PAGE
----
Safe World for Women Logo

Reeyot Alemu

Source: Premium Times |

January 2014

A global women’s rights and advocacy group, Safe World for Women, has put up an online petition for the immediate release of jailed award-winning Ethiopian journalist with breast tumour, Reeyot Alemu.

Ms. Alemu, 34, who is also a teacher, was jailed under the nebulous Ethiopian anti-terrorism law for her criticism of the intolerant government in Addis Ababa. On June 21, 2011, she was arrested from the school where she teaches and kept in an undisclosed location.

Four days earlier, she had written a critical article about the fund-raising method for a dam project by the ruling political party in her country comparing then Prime Minister of Ethiopia, Meles Zenawi, with late Libyan leader, Muammar Gaddafi. She was subsequently charged with supporting an unnamed terrorist organisation but her specific crimes were not listed. In 2009, the Ethiopian government passed a vaguely worded and far-reaching anti-terrorism law that allows it to charge anyone thought to be encouraging terrorism.

Ms. Alemu was initially sentenced to 14 years in prison and fined about $2,000 (N319, 580) but an appeal court later commuted the sentence to five years. During her trial a government prosecutor presented articles she had written criticising the prime minister and telephone conversations about peace protest as evidence against her.

Despite her failing health, she refused an offer of clemency in exchange for providing information on other journalists. She was placed in solitary confinement for two weeks as punishment.

In 2012, the International Women Media Foundation, WMF, presented the Courage in Journalism Award to Ms. Alemu in absentia for her “refusal to self-censor in a place where that practice is standard, and her unwillingness to apologize for truth-telling, even though contrition could win her freedom.”

“I believe that I must contribute something to bring a better future… Since there are a lot of injustices and oppressions in Ethiopia, I must reveal and oppose them in my articles,” she told the IWMF in an earlier interview.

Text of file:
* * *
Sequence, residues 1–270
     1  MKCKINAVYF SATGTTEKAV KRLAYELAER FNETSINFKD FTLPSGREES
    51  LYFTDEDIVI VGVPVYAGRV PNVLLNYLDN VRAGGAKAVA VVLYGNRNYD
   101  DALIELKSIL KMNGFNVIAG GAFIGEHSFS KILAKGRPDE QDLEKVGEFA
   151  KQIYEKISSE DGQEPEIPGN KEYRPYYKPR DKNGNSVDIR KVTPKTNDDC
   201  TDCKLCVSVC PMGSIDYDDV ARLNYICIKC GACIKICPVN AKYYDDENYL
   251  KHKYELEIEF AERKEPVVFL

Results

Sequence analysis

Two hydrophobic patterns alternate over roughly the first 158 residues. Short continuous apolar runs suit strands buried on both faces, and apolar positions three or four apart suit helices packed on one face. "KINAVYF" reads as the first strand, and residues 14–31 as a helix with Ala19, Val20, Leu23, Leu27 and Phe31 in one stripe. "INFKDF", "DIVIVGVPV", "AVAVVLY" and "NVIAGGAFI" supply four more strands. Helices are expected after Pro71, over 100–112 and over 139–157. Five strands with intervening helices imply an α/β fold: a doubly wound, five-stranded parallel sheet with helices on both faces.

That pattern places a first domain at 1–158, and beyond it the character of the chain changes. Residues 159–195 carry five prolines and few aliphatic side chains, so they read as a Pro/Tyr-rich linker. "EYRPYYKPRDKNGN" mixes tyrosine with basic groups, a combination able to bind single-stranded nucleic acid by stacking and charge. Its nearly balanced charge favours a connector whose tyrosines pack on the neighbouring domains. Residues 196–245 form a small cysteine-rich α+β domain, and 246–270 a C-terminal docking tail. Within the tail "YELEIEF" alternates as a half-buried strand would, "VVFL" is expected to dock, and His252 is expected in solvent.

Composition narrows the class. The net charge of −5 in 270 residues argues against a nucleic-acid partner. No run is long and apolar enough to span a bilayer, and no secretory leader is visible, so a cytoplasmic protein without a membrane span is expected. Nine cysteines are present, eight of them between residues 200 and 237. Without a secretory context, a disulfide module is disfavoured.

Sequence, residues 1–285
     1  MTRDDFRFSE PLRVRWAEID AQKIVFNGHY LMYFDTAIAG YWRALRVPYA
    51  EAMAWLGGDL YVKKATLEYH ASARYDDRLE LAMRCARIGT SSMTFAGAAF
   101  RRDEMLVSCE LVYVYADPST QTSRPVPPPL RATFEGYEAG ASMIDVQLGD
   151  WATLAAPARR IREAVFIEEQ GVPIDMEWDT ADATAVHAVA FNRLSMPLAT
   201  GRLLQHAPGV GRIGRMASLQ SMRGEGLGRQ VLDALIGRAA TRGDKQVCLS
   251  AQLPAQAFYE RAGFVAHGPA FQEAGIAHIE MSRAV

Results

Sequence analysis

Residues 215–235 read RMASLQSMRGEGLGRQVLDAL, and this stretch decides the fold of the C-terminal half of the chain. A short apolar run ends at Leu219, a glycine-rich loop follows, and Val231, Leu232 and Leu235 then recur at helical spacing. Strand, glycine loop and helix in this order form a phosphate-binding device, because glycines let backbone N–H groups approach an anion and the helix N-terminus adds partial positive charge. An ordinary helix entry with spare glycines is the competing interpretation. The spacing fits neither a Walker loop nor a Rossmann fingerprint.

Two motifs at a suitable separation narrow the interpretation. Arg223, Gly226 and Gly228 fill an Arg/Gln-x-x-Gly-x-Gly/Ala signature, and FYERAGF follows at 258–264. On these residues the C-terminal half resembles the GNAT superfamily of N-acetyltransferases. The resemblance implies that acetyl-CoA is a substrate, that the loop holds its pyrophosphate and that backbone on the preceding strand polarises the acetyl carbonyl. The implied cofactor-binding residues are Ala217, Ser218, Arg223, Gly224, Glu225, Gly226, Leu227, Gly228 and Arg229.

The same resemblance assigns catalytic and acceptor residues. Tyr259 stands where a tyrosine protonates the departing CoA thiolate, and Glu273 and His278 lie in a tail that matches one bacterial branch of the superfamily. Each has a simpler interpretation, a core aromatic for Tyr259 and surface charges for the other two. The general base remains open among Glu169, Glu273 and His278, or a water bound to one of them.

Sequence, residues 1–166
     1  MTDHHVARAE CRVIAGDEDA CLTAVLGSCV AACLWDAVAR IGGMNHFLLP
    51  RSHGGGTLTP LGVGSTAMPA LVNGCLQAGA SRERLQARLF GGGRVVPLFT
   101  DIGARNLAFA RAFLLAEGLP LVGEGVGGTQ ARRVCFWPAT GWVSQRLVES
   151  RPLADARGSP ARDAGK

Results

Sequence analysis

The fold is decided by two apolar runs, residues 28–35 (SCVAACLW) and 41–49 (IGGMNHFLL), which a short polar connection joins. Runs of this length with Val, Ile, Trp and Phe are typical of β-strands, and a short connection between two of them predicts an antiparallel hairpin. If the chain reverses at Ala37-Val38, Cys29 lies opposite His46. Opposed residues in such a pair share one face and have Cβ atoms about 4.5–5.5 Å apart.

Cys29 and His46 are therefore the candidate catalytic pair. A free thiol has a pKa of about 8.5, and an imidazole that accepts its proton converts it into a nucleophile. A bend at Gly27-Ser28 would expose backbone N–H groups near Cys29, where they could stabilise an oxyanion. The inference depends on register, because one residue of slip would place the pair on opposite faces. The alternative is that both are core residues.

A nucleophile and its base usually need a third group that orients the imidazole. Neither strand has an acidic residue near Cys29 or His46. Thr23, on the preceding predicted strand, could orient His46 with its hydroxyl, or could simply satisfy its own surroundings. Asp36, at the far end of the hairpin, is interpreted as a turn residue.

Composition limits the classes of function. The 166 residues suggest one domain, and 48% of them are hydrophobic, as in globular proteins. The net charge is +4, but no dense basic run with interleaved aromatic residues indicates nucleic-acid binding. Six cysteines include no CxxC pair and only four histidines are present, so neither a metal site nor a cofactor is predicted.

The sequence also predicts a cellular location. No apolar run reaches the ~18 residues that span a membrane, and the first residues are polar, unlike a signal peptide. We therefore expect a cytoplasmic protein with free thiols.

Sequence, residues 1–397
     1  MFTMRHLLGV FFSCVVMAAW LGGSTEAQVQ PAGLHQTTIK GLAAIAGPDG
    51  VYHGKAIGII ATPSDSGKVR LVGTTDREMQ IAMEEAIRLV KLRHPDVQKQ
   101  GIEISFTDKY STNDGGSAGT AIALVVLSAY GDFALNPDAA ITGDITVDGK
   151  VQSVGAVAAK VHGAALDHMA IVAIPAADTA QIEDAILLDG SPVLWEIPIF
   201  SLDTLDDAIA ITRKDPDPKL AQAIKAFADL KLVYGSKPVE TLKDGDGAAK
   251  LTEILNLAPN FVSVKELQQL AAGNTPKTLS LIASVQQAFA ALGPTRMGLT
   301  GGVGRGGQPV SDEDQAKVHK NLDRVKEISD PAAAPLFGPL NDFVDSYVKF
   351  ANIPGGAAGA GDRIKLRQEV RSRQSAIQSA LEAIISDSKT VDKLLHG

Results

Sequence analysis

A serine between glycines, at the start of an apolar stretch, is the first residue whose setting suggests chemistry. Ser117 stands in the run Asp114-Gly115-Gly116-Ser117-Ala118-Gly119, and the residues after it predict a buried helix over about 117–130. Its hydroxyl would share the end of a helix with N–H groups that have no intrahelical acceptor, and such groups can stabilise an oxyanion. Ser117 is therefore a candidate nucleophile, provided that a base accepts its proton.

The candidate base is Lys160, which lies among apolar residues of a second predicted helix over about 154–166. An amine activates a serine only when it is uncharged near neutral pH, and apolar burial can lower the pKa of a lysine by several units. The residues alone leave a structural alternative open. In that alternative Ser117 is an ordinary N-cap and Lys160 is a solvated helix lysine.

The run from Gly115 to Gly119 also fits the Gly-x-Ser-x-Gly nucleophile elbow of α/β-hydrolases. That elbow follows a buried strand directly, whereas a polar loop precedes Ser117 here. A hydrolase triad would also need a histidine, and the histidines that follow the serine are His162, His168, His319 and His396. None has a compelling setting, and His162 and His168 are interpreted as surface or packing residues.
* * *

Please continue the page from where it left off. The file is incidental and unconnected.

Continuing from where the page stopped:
She is also the 2013 winner of UNESCO-Guillermo Cano World Press Freedom Prize.

She was held for three months before the trial without the opportunity of a counsel during the trial proper. Her charges were never read to her and the witnesses used by the prosecutor were anonymous. Before the trial, the government also ran a documentary on national television profiling her as a terrorist.

Despite the tumour in her breast, she is being denied proper medical care. Her father, the only person allowed to see her said her breast is bleeding. She might lose the entire breast, even die, if she does not get prompt attention.

Amnesty International described her continued detention as an “affront to freedom of expression.”

The Ethiopian government is one of the most intolerant governments in the world.

The Committee to Protect Journalists, CPJ, said, “Ethiopia has refused to comply with a decision by the U.N. special rapporteur on torture in the case of Reeyot.”

“Woubshet Taye, Reeyot Alemu, and Elias Kifle have been sentenced solely in relation to their peaceful exercise of their right to freedom of expression, in violation of Article 19 of the International Covenant on Civil and Political Rights and Article 9 of the African Charter on Human and People’s Rights, to which Ethiopia is a signatory. We therefore protest the harsh sentences handed down to them and call for the immediate and unconditional release of Taye and Alemu,” said the PEN American Centre.

The petition will be sent to the United Nations’ UN Special Rapporteur on the promotion and protection of the right to freedom of expression, Frank William La Rue, UN Special Rapporteur on Violence against Women, its causes and consequences, Rashida Manjoo, and UN Special Rapporteur on torture and other cruel, inhuman or degrading treatment or punishment Juan Méndez. A copy will also be sent to Permanent Representative of the Ethiopia to the UN, Tekeda Alemu.

The Petitioner seeks 10,000 signatures; so far only 810 people have signed it. Interested people can sign it on